Last Tuesday members of the Texas Wine and Grape Growers Association met in Austin to talk with their legislators about matters closest to them and to the Texas wine industry.  I visited the educational tasting room in the evening to hug friends and catch up on some important happenings in the business.  It was a joy to see Betty and Cliff Bingham and to chat with Bobby Cox, all down from Lubbock.  I also had the opportunity to meet some legends face-to-face, like Carl Money of Pontotoc Vineyards and Ed Hellman, a professor of viticulture for Texas Tech and Texas A&M programs.  And I learned a few great things:

1) The Department of Plant and Soil Science at Texas Tech University and Texas AgriLife Extension are working together to devleop a Texas Viticulture Certificate Program based in Fredericksburg.  It is a two year curriculum covering grapevine biology, site assessment and vineyard development, vine nutrition and water management, disease, insect and weed management, and canopy and crop load management.  There will be hands-on vineyard practices, including planting the first test vineyard in April of this year.  Classes will be held in the ACC building just east of Fredricksburg and are now accepting students for courses starting in June: http://winegrapes.ttu.edu/viticulturecertificate.html.

2) The Binghams will be opening their own custom-crush and wine making facility.  They’ve dedicated the site and Betty received news that evening that plans to lay cement were underway.  It will be a way for the family to use any overflow of harvest and also to provide higher quality product to wineries outside of the High Plains.  They will be able to immediately select, destem and press grapes on site, then send refrigerated juice to buyers.  Much like Texas Custom Wine Works, a crush facility designed by Dusty Timmons, Mike Sipowicz, Jet Wilmeth, and Steve Talcott, the facility will be paired with a wine making operation as well.  (As a kicker- Bobby Cox will be their wine maker!)  And much like Texas Custom Wine Works, people are excited about the prospect of pressing and refrigerating juice before fermentation begins, and a fresh base for higher quality wine.  With Bending Branch Winery discussing a mobile crush unit that would provide similar opportunities to growers around the state, it’s an exciting trend for the industry overall.

3) Carl Money, owner of a series of buildings in downtown Mason, will be re-appropriating several spaces for wineries: his Pontotoc Vineyards, Don Pullum’s Sandstone Cellars, and a winery by Alphonse and Martha Dotson of Certenberg Vineyards.  That’s three great wineries in the heart of the “Sonoma of Texas,” sure to draw visitors to the area.

4) And in the vein of combining wineries, another facility is set to open in the 290 corridor.  Called Six Shooter Cellars, it is a collaboration of Cross Timbers Winery out of Grapevine, Texas, Yepez Vineyard out of southeast Texas, and four others that remain a secret.  (Could one be Arché since the man who makes ceramics from their grapevine ashes, Michael Obranovich, will be represented at Six Shooter…?)  Final approval for the business just went through, and the facility could be up and running by the end of next month.

Four very exciting announcements for the industry!  And I am happy to report that all were optimistic about their legislative visits, saying the representatives listened well and understood the proposals, a far cry from the way such meetings used to go.  A great sign as the Texas wine trail barrels on.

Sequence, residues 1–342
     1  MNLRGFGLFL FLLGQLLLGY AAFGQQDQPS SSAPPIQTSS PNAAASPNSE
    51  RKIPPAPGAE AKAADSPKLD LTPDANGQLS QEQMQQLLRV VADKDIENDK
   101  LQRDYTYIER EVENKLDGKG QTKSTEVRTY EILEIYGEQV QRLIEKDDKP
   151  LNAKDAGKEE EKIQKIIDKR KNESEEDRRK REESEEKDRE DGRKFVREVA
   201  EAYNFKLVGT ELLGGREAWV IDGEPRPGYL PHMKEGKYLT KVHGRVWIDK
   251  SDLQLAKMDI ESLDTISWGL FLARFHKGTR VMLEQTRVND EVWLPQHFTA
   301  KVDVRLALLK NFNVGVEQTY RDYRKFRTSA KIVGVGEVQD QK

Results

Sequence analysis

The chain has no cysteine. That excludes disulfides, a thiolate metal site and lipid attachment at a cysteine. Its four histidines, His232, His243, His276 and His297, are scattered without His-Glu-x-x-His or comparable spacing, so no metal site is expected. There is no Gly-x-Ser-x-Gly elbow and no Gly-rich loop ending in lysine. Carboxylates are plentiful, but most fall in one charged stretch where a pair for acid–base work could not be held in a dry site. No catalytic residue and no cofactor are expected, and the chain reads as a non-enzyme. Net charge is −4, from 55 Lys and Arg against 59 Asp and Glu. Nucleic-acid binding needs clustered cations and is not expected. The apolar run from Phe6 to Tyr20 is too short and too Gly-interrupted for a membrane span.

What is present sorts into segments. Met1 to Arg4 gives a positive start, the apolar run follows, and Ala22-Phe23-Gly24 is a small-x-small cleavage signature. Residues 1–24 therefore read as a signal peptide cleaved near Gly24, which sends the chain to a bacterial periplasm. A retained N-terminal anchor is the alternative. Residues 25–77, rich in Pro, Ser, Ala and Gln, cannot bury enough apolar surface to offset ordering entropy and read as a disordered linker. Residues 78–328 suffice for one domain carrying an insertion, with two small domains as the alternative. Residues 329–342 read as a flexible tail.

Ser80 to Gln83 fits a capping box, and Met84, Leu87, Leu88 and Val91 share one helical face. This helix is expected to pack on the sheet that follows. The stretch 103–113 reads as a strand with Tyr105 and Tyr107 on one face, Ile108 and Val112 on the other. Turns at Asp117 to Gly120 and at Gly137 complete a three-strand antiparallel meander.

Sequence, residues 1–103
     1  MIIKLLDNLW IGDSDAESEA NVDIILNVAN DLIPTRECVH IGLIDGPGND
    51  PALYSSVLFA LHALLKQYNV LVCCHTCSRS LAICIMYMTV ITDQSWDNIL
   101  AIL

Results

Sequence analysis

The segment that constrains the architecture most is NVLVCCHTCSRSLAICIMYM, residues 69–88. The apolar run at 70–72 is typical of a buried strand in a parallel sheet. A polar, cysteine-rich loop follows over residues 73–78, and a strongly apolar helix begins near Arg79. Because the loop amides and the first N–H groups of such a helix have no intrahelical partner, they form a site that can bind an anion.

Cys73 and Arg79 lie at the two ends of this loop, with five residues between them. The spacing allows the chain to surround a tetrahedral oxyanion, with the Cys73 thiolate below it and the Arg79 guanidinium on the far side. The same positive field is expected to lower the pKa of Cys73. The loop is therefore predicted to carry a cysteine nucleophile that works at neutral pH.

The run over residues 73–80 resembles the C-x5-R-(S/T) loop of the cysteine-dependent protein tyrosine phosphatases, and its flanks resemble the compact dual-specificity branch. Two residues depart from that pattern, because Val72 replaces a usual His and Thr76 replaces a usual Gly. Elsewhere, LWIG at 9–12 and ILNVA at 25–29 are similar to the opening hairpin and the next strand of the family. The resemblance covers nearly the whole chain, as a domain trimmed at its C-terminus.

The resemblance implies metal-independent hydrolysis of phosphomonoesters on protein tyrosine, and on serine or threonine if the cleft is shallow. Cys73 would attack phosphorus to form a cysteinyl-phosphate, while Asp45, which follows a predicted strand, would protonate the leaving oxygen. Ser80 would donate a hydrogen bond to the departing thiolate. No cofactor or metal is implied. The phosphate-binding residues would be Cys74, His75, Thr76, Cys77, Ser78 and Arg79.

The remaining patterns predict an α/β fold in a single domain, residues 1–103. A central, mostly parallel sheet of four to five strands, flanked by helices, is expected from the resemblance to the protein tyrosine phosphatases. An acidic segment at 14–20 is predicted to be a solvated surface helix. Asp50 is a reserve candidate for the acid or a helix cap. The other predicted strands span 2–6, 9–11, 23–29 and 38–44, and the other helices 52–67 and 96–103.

On Way to the Port

Dear Reader,

Today I took a trip out to Stone House Vineyards and Winery to pick up some Scheming Beagle, my favorite Texas port-style wine.  Made from estate Norton grapes using the traditional solera method of blending, it is a serious competitor with other tawnies… from all over the world.  I mean, it’s phenomenal.  And for around $20 a bottle, it’s a helluva deal for the quality.

Being in the neighborhood, I headed over to a part-time residence of mine from last year’s research trips, Krause Springs.  They have an enchanting little butterfly garden, sonically decorated by huge wind chimes, dripping off of the trees.  And under one of these is stretched a rope hammock.  You can lay on it in the late afternoon and be bathed in gentle sun while six 7-foot chimes reverberated over your head like Tibetan bells.  Fountain water and birds from the nearby trees sing back up harmonies.  Say what you want about my hippy nature, but I swear there are few places more peaceful on this planet.


On the way between these two stops, I passed 26612 Haynie Flat Road and spotted signs for fresh organic tomatoes, homemade salsa, bread and local jams, all just demanding a u-turn.


Soon after I entered the gate, an SUV followed and Kathleen Henderson popped out, saying she had been delivering a pie.  Her farm stand was organized like a small outdoor grocery store with pastas, oils and vinegars from The Spicewood Food Company, little garden supplies and canned goods.  Kathleen was extremely welcoming, answering all my questions and explaining the origins of her products.  She was passionate about the heirloom tomatoes, passionate about the organic garden she was preparing, passionate about her pies.  I got swept up in her excitement and checked onions, cucumbers, tomatoes, salsa, and jam off of my grocery list while she bagged my purchases in little paper lunch sacks ($20 even).  We chatted a little longer about last weeks’ wind and I felt all my tight city-muscles relax, breathing that country air and enjoying a simple conversation.


And I write you now from this hammock, encouraging you to head out on your own Texas wine country adventure, even if just for the afternoon.  There are unique opportunities all over the state.  In East Dallas?  Head over to Tara Winery in Athens.  If it’s a Wednesday or a Saturday, check out the Athens Farmers Market.  I hear it’s stellar.  In West Dallas, take a short trip out to Arché and Blue Ostrich Winery and catch a meal in the little down of St. Jo.  Or maybe take a whole week to learn how to make your own cowboy boots at Chappell Boot Shop in town.  Houston?  Head south to Haak Winery for Blanc du Bois Madeira made in the resident estufa, or to the coast to watch the sunset from Lavaca Bluffs Vineyard’s porch.  If you’re into incredible architecture or spiritual traditions, be sure to visit  the BAPS Shri Swaminarayan Mandir Temple on the way down, an incredible structure made out of hand-whittled Italian marble and Turkish limestone.

BAPS shri

Wherever you’re coming from, find your own form of farm stand and discover your personal peaceful hammock.  Because, as today reminded me– yes,Texas wine is about what’s in the bottle, but it’s also about the journey and the roads in between.

Margaret Shugart